The Florida Strawberry Festival has a special place in the hearts of the Band Perry. It's where singer Kimberly Perry met her future husband, major league catcher J.P. Arencibia.
"He was in spring training," said bassist Reid Perry, Kimberly's brother. "He knew a couple of guys at the radio station there in Tampa, and they actually brought him to a meet-and-greet. None of us knew exactly why he was there, other than he was a baseball player and he knew the radio guys. But a couple of months later, it came out that he was there to meet Kimberly."
As festival tales go, that one's hard to top. No wonder it happened at the down-home, low-key Strawberry Festival, which kicks off its 81st year of shortcake and country music Thursday.
But after decades at the top of Florida's country-music food chain, the Strawberry Festival has started seeing increased competition to keep booking top artists like the Band Perry. A slew of splashy new festivals have popped up around the Sunshine State, packing dozens of A-list acts into a single weekend.
This month, the Runaway Country Festival brings stars like Kenny Chesney and Eric Church to Kissimmee. In April, the Tortuga Music Festival returns to Fort Lauderdale with Tim McGraw and Blake Shelton. And in May, the inaugural Country 500, with Luke Bryan and Jason Aldean, hits Daytona International Speedway.
These festivals have "drastically" affected how the Strawberry Festival books its lineup, said general manager Paul Davis.
"There's so much competition for the popular acts," Davis said.
The biggest roadblock is each festival's "radius clause," which precludes artists from booking a second show within a geographic radius in a set window of time. Most concerts and festivals have them, including the Strawberry Festival. But the competition for top talent — and pressure to survive in an increasingly crowded festival marketplace — has prompted some events to expand their event's radius clause and enforce it more strictly.
"Generally speaking, if I've booked an act and then there was a show about 60 miles away that wanted to book him and advertise, I would say, 'Go ahead and book 'em, let 'em play,' " Davis said. "But when I call, they don't let me. They make me stick to the boundaries, a lot of these places. And that's the nature of the beast."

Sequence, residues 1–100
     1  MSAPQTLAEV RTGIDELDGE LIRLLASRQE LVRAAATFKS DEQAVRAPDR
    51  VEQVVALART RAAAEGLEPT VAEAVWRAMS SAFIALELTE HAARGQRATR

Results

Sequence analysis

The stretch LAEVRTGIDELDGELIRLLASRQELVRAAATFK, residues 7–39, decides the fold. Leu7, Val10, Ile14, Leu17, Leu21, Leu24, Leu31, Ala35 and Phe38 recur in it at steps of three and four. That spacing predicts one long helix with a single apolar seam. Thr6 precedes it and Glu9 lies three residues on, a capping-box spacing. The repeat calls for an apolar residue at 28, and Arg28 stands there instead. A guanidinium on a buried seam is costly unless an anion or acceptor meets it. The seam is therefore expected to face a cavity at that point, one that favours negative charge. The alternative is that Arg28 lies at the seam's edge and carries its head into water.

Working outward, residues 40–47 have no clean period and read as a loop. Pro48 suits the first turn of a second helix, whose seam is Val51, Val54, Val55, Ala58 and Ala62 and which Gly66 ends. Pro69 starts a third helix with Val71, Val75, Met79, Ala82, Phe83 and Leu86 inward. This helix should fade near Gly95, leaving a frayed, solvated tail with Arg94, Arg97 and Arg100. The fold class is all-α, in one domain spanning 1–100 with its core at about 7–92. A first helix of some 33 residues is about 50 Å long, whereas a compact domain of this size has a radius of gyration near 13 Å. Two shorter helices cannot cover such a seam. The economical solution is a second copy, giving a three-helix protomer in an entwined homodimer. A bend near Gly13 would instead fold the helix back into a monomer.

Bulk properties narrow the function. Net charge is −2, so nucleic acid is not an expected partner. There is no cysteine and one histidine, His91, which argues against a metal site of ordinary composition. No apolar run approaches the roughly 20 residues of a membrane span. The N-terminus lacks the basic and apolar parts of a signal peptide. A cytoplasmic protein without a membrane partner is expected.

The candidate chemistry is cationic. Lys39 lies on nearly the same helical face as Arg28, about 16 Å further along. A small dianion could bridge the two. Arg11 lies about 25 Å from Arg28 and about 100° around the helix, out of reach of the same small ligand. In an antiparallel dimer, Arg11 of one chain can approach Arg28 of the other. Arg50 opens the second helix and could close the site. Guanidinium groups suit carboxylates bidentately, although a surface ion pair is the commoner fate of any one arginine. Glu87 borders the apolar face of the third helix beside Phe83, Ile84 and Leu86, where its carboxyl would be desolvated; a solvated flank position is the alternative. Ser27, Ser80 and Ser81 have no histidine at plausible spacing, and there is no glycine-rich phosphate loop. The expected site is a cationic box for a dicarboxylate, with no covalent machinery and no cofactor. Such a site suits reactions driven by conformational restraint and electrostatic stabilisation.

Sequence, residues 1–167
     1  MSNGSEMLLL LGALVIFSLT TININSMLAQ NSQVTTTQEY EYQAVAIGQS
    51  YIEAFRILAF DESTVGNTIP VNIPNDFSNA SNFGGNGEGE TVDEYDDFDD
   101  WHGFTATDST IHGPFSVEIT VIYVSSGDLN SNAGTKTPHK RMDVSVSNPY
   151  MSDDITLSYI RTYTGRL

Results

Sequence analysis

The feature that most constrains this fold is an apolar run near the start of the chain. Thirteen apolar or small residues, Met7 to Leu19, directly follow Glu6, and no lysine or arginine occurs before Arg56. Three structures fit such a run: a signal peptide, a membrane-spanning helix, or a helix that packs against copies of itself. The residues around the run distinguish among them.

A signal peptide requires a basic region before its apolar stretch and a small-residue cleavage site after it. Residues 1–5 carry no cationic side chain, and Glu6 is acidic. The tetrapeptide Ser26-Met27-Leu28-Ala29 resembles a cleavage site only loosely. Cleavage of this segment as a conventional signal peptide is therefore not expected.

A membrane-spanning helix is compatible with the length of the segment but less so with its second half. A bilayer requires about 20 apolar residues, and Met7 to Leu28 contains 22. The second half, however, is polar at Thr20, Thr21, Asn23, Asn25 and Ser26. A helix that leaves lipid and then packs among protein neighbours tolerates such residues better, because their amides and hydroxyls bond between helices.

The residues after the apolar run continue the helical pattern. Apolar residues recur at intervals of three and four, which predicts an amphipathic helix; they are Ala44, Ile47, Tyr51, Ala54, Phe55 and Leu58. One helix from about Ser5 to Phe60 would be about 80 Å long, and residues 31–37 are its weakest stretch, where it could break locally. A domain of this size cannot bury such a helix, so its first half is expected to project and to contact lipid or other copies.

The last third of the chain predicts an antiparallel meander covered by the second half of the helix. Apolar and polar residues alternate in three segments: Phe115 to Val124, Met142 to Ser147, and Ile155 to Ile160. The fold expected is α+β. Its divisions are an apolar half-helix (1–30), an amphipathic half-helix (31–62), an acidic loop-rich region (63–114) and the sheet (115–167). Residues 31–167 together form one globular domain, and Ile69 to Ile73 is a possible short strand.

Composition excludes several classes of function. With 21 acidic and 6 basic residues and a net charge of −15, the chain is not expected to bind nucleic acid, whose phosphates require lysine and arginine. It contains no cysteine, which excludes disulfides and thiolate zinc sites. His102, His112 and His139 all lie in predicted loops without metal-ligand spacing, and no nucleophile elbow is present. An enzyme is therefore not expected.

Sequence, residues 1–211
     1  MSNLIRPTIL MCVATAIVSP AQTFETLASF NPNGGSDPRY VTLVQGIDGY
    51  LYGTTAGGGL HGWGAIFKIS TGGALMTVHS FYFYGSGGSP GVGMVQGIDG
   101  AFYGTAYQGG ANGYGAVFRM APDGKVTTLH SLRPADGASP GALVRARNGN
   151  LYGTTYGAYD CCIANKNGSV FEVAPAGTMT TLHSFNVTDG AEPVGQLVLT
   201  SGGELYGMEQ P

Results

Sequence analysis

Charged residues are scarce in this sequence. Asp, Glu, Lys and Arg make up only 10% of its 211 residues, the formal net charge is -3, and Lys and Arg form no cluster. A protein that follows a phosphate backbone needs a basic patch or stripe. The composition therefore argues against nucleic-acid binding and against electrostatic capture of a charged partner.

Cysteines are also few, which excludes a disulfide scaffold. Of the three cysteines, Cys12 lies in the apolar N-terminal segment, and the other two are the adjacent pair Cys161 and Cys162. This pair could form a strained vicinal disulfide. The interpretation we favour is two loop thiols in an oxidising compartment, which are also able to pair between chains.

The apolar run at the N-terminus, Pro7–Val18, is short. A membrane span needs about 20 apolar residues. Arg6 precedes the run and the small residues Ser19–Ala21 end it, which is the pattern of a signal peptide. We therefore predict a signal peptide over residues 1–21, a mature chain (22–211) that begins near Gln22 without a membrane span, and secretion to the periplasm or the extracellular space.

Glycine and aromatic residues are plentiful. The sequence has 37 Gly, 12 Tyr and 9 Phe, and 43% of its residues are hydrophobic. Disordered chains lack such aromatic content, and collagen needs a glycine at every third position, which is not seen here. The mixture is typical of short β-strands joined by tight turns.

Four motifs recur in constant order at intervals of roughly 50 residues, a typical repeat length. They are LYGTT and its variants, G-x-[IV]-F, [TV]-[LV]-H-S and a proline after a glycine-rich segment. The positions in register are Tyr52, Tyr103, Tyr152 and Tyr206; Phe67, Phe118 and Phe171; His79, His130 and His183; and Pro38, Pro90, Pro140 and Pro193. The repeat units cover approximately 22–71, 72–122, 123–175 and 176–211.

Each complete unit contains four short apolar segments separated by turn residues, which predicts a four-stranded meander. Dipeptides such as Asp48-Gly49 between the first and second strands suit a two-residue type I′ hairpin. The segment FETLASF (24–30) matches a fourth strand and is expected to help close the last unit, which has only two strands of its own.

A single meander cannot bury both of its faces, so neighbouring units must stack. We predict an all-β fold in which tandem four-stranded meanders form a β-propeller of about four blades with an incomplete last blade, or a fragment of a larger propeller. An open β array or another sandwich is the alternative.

Davis started feeling the heat from these new festivals a few years ago. The Runaway Country festival launched in 2011. Tortuga launched in 2013, as did the Pepsi Gulf Coast Jam in Panama City Beach. In 2014, the Country 500 launched as the Florida Country Superfest in Jacksonville. Yet another new festival, the Panama City Beach Spring Jam, takes flight in April.
The country-festival industry has grown so rapidly that it has seen a few casualties. Last week, Alabama's Dega Jam, with Eric Church and Toby Keith, was canceled without explanation. Two second-year events, New York's FarmBorough Festival and Delaware's Big Barrel Country Music Festival, also went on hiatus.
The Strawberry Festival is in no such danger, in part because it offers so much more than just concerts. A majority of attendees, Davis said, come to Plant City for the food, rides, displays, agriculture and camaraderie.
"It takes a particular type of person that wants to go to the Daytona event," he said of the Country 500. "It's almost like a three-day vacation. Ours can be a Saturday afternoon with your family."
Musically, the Strawberry Festival has carved out a niche, emphasizing more nostalgic acts, as well as rock, pop and Christian artists — a third of this year's lineup doesn't play country at all. And on the country side, artists like Martina McBride and Cole Swindell are playing Plant City exclusively.
"The business has changed, and I know we've had to change a little bit," Davis said. "But it still seems to be working good, as long as we can stay diverse and get entertainment for everybody."
The Band Perry is exactly the sort of band that can crush a festival gig — young, high-energy and capable of playing to almost any crowd. Festivals, said Reid Perry, are always where they play to the most people, and see the most potential to win over new fans.
And, he added, country festivals are just plain fun. There's a reason the tailgate scene at a major country concert is so bustling, with clusters of friends listening to music, playing cornhole and sipping beer.
"The genre lends itself to that environment," he said. "It's very much a summer genre, if you will. It's very much a feel-good genre, and a 'together' genre as well. All that together combines for bringing around the right fans and the right artists.
"It's a good formula that obviously someone figured out," he added. "I kind of wish I had."
Contact Jay Cridlin at [email protected] or (727) 893-8336. Follow @JayCridlin.